When Should You Start Planning for Long-Term Care?
04.07.2021 Written by: Henningson & Snoxell, Ltd.
Planning for long-term care is an emotional and overwhelming task. It is difficult to accept aging and even more difficult to accept that at some point in our lives we will be dependent on others for help doing things we find easy to do today. For most of us, talking about death is difficult, but I have found that talking about long-term care is even more taboo. For many of our elderly loved ones, mine included, their biggest fear is being “thrown into a nursing home.”
Starting the conversation early to talk about what our loved one’s goals are for aging, passing on a legacy, and receiving care can be empowering. It puts the person who is going to need the care at the head of the conversation. If long-term care and asset protection planning is started early, the person has the capacity to work side by side with an elder law attorney to create a plan that matches wishes. An elder law attorney can help your loved one understand the various considerations for long-term care planning including gifting, cost of care, in-home care, and sources of funding for care needs. It enables the person to make informed decisions and to have peace of mind knowing there is a plan in place that can be shared with their family before a traumatic event occurs or health declines.
Many families wait to start the planning process for years after mom or dad has been diagnosed with dementia or Alzheimer’s. Families typically call me when they are burned out from being the caregivers for mom or dad and they need to admit mom or dad into a facility to receive care. This is considered crisis planning and puts more stress on the family than is necessary. At that point, we have to assess assets, income, and care needs to determine what level of care is needed, where mom or dad receive such care, and how much it is going to cost. Then we need to determine how to pay for it.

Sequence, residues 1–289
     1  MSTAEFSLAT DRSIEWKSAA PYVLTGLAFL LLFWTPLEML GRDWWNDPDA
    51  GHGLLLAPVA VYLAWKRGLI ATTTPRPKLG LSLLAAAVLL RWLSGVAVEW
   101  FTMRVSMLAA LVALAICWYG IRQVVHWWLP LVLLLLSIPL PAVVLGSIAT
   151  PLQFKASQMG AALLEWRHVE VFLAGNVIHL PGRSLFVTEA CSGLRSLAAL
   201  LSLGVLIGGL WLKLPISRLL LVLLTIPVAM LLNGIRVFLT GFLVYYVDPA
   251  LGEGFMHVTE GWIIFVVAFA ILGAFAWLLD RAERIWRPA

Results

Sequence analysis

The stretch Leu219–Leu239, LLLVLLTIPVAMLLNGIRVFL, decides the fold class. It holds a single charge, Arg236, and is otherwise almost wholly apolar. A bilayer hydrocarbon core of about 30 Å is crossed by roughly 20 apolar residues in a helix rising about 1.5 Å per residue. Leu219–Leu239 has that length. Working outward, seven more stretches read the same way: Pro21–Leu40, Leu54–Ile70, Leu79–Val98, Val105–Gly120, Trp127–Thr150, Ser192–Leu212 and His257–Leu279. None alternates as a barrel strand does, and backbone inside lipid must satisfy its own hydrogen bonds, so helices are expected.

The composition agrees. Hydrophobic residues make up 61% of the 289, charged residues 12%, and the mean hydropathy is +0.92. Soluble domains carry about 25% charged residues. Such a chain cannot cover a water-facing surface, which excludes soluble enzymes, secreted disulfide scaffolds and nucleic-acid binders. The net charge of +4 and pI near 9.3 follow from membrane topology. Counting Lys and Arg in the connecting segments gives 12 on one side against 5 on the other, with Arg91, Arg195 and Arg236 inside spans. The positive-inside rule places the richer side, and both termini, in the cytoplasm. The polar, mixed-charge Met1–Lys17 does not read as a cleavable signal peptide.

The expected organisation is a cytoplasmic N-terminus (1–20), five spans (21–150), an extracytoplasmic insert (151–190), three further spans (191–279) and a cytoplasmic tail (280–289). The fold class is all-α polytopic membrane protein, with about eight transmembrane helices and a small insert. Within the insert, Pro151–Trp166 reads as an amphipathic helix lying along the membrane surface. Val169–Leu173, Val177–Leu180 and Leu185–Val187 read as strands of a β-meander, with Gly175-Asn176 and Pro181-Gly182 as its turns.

With the average skilled nursing facility costing upwards of $8,000+ per month, the typical person’s savings and income will not last long. This creates a tremendous amount of stress as family members try to figure out how to afford mom or dad’s care.
Early planning can help reduce some of the stress. An elder law attorney can help families evaluate where mom or dad is at in the aging process and put a plan in place for what happens as care needs change. By collaborating with advisors such as financial advisors, accountants, doctors, and others, an elder law attorney can provide peace of mind to elderly individuals and their families that a plan is in place that will accommodate changing health situations and care needs.
Henningson & Snoxell has elder law attorneys who are able to help you and your loved ones start the conversation. Contact them today to schedule your initial consult.